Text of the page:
A group of 80 Pizza Hut franchisees has failed in its bid to stop parent company Yum! Restaurants from introducing a new “sales strategy” as the local pizza wars heat up.
The group applied for an injunction in the Federal Court on June 24 to prevent franchisor Yum from introducing its “Reduced Price Strategy”, which will involve lowering the price of Pizza Hut pizzas to less than $10 as well as reducing the number of products on Pizza Hut menus.
While Yum argues the strategy will allow it to sell more pizzas and compete in an increasingly price-driven local pizza market, the franchisees claim the strategy will be disastrous for their profitability, potentially costing them up to $10 million and putting some of them out of business.
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The franchisees said the strategy would amount to a breach of the implied duties of Yum contained in its franchise agreements, including a duty to cooperate with franchisees to achieve the objects of the agreement, a duty to act “reasonably and/or honestly in the performance of duties and exercise of any rights, powers or discretions under the franchise agreement”, and a duty to act in good faith towards the franchisees.
The disgruntled group also said the strategy would constitute unconscionable conduct by Yum in contravention of Australian Consumer Law.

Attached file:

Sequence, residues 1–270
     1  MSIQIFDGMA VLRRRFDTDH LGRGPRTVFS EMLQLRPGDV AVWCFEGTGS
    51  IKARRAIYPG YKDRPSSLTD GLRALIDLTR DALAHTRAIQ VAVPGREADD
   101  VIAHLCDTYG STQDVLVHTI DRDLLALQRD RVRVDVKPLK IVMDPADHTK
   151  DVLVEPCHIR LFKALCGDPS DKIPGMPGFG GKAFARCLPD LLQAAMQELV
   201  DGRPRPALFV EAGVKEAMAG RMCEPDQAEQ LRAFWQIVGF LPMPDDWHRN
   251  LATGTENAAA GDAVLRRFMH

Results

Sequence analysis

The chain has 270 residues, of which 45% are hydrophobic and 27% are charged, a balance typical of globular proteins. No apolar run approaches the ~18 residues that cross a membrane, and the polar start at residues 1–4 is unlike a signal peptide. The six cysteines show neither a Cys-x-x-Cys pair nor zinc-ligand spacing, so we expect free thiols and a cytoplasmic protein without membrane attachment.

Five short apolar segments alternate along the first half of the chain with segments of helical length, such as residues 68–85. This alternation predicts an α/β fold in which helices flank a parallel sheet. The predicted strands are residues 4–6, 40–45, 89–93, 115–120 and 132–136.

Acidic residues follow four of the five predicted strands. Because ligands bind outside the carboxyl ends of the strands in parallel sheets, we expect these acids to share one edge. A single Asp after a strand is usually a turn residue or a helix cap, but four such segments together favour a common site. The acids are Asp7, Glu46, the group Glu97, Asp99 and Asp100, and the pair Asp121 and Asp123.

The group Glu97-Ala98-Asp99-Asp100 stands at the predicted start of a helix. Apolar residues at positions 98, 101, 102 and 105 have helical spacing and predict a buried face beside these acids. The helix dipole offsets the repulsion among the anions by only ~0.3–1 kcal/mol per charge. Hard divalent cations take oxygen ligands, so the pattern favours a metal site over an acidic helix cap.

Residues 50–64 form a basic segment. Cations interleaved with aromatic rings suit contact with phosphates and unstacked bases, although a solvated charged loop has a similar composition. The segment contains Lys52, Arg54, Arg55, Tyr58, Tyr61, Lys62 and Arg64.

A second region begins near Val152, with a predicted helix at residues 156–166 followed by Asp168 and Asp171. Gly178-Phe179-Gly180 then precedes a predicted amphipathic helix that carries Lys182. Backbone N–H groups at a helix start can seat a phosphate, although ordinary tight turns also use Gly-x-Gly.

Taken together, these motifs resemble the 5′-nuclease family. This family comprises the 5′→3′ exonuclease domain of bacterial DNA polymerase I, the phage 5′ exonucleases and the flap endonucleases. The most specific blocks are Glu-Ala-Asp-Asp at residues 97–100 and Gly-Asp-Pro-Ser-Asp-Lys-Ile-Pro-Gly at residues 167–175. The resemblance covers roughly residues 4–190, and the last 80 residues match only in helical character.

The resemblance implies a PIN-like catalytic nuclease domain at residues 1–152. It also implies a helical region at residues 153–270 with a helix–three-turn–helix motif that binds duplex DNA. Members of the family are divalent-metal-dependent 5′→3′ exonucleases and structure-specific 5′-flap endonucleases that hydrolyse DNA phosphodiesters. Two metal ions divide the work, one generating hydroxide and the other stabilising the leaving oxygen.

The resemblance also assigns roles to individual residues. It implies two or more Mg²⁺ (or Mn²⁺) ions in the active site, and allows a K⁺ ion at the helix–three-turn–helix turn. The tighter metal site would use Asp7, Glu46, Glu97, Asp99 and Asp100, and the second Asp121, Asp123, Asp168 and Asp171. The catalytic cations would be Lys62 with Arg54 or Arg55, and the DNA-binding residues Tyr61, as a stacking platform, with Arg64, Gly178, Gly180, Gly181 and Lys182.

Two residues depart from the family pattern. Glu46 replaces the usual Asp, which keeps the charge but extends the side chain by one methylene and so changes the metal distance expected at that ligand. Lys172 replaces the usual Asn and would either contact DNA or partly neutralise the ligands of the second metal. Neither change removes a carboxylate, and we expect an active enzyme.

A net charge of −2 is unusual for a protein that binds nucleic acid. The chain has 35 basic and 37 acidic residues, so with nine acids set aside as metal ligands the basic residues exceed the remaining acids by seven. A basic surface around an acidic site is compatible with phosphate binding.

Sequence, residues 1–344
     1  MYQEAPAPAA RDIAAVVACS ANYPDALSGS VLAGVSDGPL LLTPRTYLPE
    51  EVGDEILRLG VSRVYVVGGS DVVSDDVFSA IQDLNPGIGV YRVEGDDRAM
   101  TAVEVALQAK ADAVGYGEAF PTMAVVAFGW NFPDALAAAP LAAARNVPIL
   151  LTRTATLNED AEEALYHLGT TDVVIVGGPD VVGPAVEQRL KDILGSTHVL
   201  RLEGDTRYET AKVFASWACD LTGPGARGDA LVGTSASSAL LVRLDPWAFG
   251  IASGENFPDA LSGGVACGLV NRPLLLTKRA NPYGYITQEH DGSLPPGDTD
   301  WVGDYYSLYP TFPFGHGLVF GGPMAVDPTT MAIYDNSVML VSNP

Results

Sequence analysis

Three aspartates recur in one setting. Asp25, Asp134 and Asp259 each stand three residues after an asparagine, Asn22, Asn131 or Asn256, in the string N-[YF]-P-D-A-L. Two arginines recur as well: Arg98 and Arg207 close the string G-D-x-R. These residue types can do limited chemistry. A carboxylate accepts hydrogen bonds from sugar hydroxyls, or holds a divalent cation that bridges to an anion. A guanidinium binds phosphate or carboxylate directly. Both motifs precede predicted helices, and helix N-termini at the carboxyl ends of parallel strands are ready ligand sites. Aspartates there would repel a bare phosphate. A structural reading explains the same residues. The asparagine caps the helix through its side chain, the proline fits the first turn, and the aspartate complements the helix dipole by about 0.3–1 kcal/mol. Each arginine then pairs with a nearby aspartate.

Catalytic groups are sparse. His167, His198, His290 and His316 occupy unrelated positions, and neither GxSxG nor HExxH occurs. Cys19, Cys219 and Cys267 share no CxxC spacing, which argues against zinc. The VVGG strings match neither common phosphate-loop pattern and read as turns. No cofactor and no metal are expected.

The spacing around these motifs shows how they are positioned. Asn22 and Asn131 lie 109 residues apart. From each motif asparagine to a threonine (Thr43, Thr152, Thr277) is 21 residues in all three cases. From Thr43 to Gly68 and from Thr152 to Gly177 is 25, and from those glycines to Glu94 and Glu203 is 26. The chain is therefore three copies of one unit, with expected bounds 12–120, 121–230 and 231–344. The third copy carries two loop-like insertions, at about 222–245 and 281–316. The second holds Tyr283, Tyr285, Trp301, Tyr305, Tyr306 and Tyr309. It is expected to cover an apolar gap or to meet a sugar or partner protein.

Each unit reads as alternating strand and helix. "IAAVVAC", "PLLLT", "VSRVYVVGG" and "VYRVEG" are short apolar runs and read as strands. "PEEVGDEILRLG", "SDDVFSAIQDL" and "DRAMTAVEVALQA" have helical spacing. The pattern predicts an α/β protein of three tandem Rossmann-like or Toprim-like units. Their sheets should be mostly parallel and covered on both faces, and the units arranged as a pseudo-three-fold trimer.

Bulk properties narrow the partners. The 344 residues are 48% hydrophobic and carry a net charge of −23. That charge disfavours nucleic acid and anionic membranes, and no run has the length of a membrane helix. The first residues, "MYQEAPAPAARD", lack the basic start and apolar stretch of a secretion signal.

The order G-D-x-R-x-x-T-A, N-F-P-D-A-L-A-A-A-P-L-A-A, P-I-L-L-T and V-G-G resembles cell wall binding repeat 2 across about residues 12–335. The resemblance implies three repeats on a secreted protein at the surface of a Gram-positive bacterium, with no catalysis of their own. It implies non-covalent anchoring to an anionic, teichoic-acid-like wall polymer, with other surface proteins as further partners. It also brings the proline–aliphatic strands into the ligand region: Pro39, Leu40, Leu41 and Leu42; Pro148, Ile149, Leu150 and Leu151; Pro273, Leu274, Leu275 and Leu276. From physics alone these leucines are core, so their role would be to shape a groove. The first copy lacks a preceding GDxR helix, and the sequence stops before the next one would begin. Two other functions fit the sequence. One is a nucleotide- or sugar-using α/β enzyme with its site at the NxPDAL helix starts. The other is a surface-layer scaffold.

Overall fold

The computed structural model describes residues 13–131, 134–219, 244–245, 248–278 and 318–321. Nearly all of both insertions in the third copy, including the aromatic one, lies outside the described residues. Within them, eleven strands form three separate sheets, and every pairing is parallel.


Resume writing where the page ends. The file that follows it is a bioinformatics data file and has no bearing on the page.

In response, Yum market director Kurtis Smith said in a statement to the court the strategy was developed “in response to a concern about the downward trend in financial performance and the steady loss of customers in the Pizza Hut business in Australia over the last 10 years”.
“In addition to the downward trend in sales, market share and profitability during the period 2004 to 2014, the indebtedness of franchisees to their marketing fund [which is provided for in the franchise agreement] and to Yum has also increased,” said Smith.
Smith told the court that by December 2013 Yum decided urgent action was needed to turn around the brand’s fortunes. The company had seen some success from similar price strategies in New Zealand and the US and so commenced trials in Western Australia and the ACT. Based on the successful results from the ACT trial, the company decided to roll-out the strategy nationwide.
But the court sided with Yum, ruling that the chain was not acting in bad faith.
“There is no evidence whatsoever to suggest that Yum believe it was acting solely in its own financial interest at the expense of and without any proper or reasonable regard for the interests of the franchisees in maintaining the profitability and asset values of their franchise business,” said Justice Jayne Jagot in her judgment.
“To the contrary, the evidence adduced by the respondent consistently discloses that Yum believed, and continues to believe, that it is acting in the financial interests of all parties to the franchise agreement and with a proper view to maintaining the profitability of the franchisees’ businesses as a whole.”
Jagot also said an injunction to prevent the implementation of the strategy would be “impractical and inconvenient”.